There is always information about how to dress for different situations. Some of us spend a great deal of time thinking about how we should dress for professional and personal situations.
One aspect I try to consider when I dress is to dress to connect. What will help me connect with the people around me?
I realized the importance of this many years ago when I was working as a consultant dietitian for a long-term care company. When I went into one of the company’s nursing homes it was usually to evaluate the operation of the food service department. To do this I had to be in the kitchen and in the dining rooms. If I was going to be able to do my job well, I had to be comfortable. I also needed to look professional to gain credibility. I dressed in slacks, a shirt or sweater, flats with a decent sole so I didn’t slip, and a lab coat.
Many of the consultant nurses I worked with had a different opinion. They dressed in short, tight skirts and high heels. I thought that was rather foolish; how can you work dressed like that? An aspect that I did not consider until I overheard some of the staff nurses talking was that the facility nurses did not respect the consultant nurses simply because of the way they dressed. The consultants did not look like they wanted to actually help, they looked like they just wanted to sit behind a desk and tell others what to do. It was very difficult for the consultants to get the facility nurses to even listen to what needed to be done.
Additionally, these consultant nurses (not all the nurses I worked with were like this) liked to wear jewelry; big, expensive jewelry. The facility nurses took this as the consultants were showing off how much more money they made. It caused resentment, which further eroded the credibility of these consultants. It never would have occurred to me that staff might feel resentment over what jewelry someone else wore, but I can see it now.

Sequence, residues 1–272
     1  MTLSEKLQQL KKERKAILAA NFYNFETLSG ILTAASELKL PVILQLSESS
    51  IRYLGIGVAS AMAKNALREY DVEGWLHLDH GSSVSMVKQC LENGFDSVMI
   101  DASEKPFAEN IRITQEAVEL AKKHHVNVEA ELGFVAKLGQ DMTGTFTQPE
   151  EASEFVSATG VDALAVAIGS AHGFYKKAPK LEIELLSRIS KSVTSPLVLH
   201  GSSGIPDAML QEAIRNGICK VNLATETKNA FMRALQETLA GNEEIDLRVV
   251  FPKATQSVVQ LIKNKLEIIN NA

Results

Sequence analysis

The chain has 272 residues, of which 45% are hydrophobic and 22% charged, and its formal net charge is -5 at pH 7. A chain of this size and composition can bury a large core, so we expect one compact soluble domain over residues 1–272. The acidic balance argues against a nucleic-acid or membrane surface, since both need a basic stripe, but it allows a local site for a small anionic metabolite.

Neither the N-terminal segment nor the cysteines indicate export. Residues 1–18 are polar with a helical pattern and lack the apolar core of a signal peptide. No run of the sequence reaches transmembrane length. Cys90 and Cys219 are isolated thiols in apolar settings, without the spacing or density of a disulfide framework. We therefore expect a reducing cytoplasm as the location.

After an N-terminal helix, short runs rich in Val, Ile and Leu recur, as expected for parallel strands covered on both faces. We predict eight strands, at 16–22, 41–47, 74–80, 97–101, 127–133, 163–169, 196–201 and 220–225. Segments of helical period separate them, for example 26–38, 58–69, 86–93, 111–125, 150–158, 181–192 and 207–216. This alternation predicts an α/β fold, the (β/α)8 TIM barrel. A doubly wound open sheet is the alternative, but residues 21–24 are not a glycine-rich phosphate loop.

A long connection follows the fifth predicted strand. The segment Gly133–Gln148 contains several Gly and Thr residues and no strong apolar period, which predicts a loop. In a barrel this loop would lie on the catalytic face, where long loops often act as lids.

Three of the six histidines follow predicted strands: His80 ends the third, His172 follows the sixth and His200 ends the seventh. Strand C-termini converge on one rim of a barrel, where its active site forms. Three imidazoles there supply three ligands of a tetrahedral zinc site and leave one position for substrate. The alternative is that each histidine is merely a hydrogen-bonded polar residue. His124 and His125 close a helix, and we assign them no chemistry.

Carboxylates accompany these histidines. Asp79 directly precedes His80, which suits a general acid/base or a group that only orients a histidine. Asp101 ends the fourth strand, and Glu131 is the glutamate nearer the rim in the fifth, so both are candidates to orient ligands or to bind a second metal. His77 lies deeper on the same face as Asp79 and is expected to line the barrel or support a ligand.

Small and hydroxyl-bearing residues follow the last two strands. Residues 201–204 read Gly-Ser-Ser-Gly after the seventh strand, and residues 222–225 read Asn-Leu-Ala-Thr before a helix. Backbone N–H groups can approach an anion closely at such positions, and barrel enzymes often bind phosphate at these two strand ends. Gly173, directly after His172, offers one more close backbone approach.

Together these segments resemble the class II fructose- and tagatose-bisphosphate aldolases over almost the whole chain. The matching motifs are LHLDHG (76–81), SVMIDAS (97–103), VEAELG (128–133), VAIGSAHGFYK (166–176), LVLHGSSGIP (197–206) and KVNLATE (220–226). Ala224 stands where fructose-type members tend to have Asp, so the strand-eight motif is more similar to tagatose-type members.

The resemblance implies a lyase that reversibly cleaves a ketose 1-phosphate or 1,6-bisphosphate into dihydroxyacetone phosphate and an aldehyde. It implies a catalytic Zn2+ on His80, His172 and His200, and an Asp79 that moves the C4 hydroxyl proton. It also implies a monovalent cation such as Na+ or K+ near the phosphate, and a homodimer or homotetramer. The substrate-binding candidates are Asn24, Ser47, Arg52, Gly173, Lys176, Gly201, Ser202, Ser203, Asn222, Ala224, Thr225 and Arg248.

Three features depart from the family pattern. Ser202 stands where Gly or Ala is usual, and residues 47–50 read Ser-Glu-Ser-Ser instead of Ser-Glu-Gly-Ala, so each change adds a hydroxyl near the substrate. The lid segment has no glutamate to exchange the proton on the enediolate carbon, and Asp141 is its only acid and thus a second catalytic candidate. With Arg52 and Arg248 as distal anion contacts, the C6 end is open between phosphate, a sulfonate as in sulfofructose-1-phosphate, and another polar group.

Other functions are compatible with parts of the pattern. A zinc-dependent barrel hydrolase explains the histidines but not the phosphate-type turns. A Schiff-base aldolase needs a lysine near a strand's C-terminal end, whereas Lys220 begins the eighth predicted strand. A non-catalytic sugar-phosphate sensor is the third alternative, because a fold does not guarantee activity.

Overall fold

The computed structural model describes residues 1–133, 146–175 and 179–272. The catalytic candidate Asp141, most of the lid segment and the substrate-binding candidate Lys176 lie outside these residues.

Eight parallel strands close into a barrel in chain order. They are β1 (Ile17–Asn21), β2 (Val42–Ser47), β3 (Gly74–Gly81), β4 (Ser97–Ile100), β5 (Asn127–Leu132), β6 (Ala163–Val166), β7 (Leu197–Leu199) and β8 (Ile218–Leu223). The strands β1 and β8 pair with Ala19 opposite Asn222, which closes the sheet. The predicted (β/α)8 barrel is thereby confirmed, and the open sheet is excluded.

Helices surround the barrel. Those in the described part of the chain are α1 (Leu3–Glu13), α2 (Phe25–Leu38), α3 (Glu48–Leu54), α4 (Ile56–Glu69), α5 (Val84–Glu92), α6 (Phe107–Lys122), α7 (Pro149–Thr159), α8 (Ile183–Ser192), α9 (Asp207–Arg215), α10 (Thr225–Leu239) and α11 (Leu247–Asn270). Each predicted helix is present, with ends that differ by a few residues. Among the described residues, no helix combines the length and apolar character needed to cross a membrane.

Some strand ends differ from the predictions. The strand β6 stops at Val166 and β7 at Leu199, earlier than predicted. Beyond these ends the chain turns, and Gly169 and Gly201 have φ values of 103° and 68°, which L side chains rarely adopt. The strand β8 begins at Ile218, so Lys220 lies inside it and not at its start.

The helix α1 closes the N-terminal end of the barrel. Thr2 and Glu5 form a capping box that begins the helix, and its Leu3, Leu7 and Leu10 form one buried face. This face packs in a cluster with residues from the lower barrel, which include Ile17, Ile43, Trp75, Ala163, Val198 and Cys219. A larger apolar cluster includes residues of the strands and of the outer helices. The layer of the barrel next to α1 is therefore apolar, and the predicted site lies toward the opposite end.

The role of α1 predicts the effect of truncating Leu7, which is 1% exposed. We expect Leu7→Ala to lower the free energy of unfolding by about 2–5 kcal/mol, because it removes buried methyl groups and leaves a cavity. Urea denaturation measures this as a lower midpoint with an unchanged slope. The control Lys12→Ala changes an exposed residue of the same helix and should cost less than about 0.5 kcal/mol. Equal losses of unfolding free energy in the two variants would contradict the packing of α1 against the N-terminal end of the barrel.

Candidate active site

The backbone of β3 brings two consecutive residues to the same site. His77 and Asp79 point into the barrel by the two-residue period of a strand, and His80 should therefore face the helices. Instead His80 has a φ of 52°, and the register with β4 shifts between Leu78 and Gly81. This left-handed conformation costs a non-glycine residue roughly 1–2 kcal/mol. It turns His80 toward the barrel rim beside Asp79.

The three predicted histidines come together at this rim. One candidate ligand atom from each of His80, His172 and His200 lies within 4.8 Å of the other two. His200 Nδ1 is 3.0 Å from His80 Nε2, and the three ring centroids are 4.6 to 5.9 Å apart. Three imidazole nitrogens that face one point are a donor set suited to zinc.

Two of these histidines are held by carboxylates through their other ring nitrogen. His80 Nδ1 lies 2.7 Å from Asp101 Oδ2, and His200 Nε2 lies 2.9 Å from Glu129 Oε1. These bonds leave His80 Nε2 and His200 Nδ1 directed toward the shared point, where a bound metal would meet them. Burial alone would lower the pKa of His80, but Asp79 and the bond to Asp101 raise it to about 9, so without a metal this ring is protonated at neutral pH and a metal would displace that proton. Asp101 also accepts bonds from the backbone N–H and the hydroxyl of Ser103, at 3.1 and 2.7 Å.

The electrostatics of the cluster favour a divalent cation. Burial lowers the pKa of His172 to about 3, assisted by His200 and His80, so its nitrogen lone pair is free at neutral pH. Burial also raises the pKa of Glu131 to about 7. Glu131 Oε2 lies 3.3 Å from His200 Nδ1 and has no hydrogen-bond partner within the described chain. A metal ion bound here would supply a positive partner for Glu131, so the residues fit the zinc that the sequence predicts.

I think a good rule of thumb is to dress a level or two above those you will be working with to look professional and gain credibility, but not so far above that you lose respect.
Worry can get in the way of enjoying life. If we spend time worrying about the future, we cannot enjoy the present. Worry takes time and energy that we could use elsewhere. We can accomplish more if we worry less.
And yet sometimes I wonder if maybe a little bit of worry is good.
If we are a little worried about our future, won’t we plan a little better? Won’t we do a little more like get an education, work hard, put money away for emergencies, for retirement?
I know that I need to manage my worry. I spend too much time worrying about things that never happen, and are not likely to happen. But I think I will hang on to enough worry that I still feel a need to plan for the future.
I found this in a fortune cookie: “Be sensitive, but not overly sensitive.”
I think this is good advice. We do want to be sensitive enough that we are at least aware of how what we do affects others. This improves not only our personal relationships but our professional relationships as well.
We do not want to be so sensitive, however, that every little word and deed from others negatively affects us. This gives others a great deal of control and power over us. We need to be in control of our lives, and how we feel, not others.
Have you found the balance of being sensitive, but not overly sensitive?
This blog provides the background information to the attached video clip. The clip is from an assertiveness presentation I did for The Business Building Academy.
In my presentation on assertiveness, Don’t Act Like Prey!, I use wildlife metaphors to describe passive, aggressive, and assertive behaviors. This clip is the result of me explaining why I use the term mountain lions instead of cougars, even though scientifically “cougar” is the better term.